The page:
Memory loss can result from a number of neurological conditions. Alzheimer’s disease is not the only cause of memory loss. There are at least three clinically important memory systems:
1) Episodic
2) Semantic
3) Working
4) Procedural

Episodic memory is the most common clinical memory complaint and most thoroughly researched and assessed (e.g., recall of lists of words). Episodic memory involves the recall and recognition of personal episodes and experiences. What did you eat for breakfast? What was the most recent movie that you saw? Where did you go for vacation? Episodes are the scripts of your life that involve the sense of time and self.

Episodic memory involves three steps:
1) Encoding. Awareness and attention are required for an event or episode to be recorded.
2) Consolidation. The brain process that actually lays down the memory “trace” for later recall or recognition.
3) Retrieval. Recall or recognition of events and experiences.

Episodic memory often involves the hippocampus and adjacent brain structures. The most famous example of what happens when the hippocampi are removed was Henry Molaison (HM). He lived between 1926 and 2008 and had neurosurgery to control seizures in his mid 20s. This caused him to lose his ability to consolidate new experiences into long-term memory – called anterograde memory.

This is the memory system that is most problematic in early Alzheimer’s disease. However, there are a number of additional neurological disorders that may also induce episodic memory loss: traumatic brain injury, stroke, brain infections (e.g., encephalitis, meningitis), toxic or nutritional conditions, Transient Global Amnesia (profound sudden onset that is time limited), some forms of epilepsy, Lewy body disease, Parkinson’s disease, and hippocampal sclerosis (often mistaken as Alzheimer’s disease).

Semantic memory involves forgetting of acquired knowledge. This shows as loss of facts or concepts, loss of words, loss of word meaning, loss of knowledge of the use or relationships of things. This usually presents as problems in language like trouble naming objects, word finding, or word substitutions. This memory system worked very well in HM. Semantic memory deficits are usually associated with damage to the frontotemporal areas of the brain. Often semantic memory deficits result from strokes or head trauma causing sudden onset. In other cases the onset may be slow and progressive in conditions like primary progressive aphasia or Alzheimer’s disease.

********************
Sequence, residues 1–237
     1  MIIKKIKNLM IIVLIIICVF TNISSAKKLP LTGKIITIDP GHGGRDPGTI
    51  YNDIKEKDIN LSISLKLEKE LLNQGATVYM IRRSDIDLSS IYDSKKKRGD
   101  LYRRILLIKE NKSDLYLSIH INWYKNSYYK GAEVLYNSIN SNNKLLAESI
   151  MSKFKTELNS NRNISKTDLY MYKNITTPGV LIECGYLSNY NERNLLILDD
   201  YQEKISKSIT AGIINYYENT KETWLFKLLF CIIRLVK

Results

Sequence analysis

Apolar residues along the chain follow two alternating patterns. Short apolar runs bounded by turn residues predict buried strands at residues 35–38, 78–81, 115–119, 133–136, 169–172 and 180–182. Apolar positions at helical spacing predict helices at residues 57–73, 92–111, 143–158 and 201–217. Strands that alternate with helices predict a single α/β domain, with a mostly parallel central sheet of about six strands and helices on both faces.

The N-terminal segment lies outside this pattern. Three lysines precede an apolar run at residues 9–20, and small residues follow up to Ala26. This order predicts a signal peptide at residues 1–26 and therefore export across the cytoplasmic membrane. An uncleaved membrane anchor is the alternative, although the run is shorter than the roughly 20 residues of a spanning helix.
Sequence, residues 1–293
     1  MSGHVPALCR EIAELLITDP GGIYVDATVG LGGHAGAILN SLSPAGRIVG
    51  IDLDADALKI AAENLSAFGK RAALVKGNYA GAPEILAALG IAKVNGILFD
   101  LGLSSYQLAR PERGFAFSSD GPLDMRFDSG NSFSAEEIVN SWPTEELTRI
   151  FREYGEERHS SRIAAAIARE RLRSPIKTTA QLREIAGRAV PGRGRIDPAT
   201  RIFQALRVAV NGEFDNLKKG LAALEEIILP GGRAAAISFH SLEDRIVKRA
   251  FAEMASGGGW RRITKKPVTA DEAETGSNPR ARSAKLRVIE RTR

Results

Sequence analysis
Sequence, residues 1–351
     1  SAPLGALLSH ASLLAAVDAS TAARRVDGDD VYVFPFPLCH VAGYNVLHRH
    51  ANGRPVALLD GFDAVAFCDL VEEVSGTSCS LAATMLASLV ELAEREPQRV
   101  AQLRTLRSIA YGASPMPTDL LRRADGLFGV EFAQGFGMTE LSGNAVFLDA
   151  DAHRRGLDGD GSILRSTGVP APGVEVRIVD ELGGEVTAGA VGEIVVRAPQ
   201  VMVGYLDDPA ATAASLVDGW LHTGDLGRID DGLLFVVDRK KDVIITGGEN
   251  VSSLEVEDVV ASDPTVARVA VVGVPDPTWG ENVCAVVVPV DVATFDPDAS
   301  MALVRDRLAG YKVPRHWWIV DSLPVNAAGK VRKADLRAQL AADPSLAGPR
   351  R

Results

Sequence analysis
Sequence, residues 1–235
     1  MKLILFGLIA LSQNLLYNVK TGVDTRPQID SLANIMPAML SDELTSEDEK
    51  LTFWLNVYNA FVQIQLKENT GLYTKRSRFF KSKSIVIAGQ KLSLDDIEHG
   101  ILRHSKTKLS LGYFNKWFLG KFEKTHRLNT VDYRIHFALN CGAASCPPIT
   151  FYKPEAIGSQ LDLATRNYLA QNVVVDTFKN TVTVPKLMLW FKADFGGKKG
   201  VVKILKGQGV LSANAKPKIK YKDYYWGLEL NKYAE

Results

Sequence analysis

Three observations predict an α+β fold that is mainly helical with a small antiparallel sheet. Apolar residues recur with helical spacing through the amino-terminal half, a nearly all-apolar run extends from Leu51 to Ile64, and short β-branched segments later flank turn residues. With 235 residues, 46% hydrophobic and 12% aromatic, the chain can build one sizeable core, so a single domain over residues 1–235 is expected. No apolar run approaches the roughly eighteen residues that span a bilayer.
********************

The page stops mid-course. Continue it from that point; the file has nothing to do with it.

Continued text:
Working memory is the active maintenance of information in the mind. It involves attention and concentration. Working memory is the multitasking capacity of the brain. Why am I in this room? It contributes to encoding of episodic memory. Working memory is better considered an executive function rather than a memory system and was fine in HM.

Procedural memory is cognitive and behavior skills. These memories are often not verbalized but rather performed automatically – skills that persist over time after learning them. These skills include things like how to use a computer, how to use a TV remote, driving, playing a musical instrument, art, and swimming. HM not only did well with procedural memory but was able to learn new skills that he did not know he had learned. Procedural memory deficits are sometimes evident in Parkinson’s disease, Huntington’s disease, and cerebellar disease. They may show up later in the course of Alzheimer’s disease.

As you can see, memory disorders are complex and not always caused by Alzheimer’s disease even in the elderly. Memory changes and treatments require carful, thorough neuropsychological, neurological, and medical evaluation.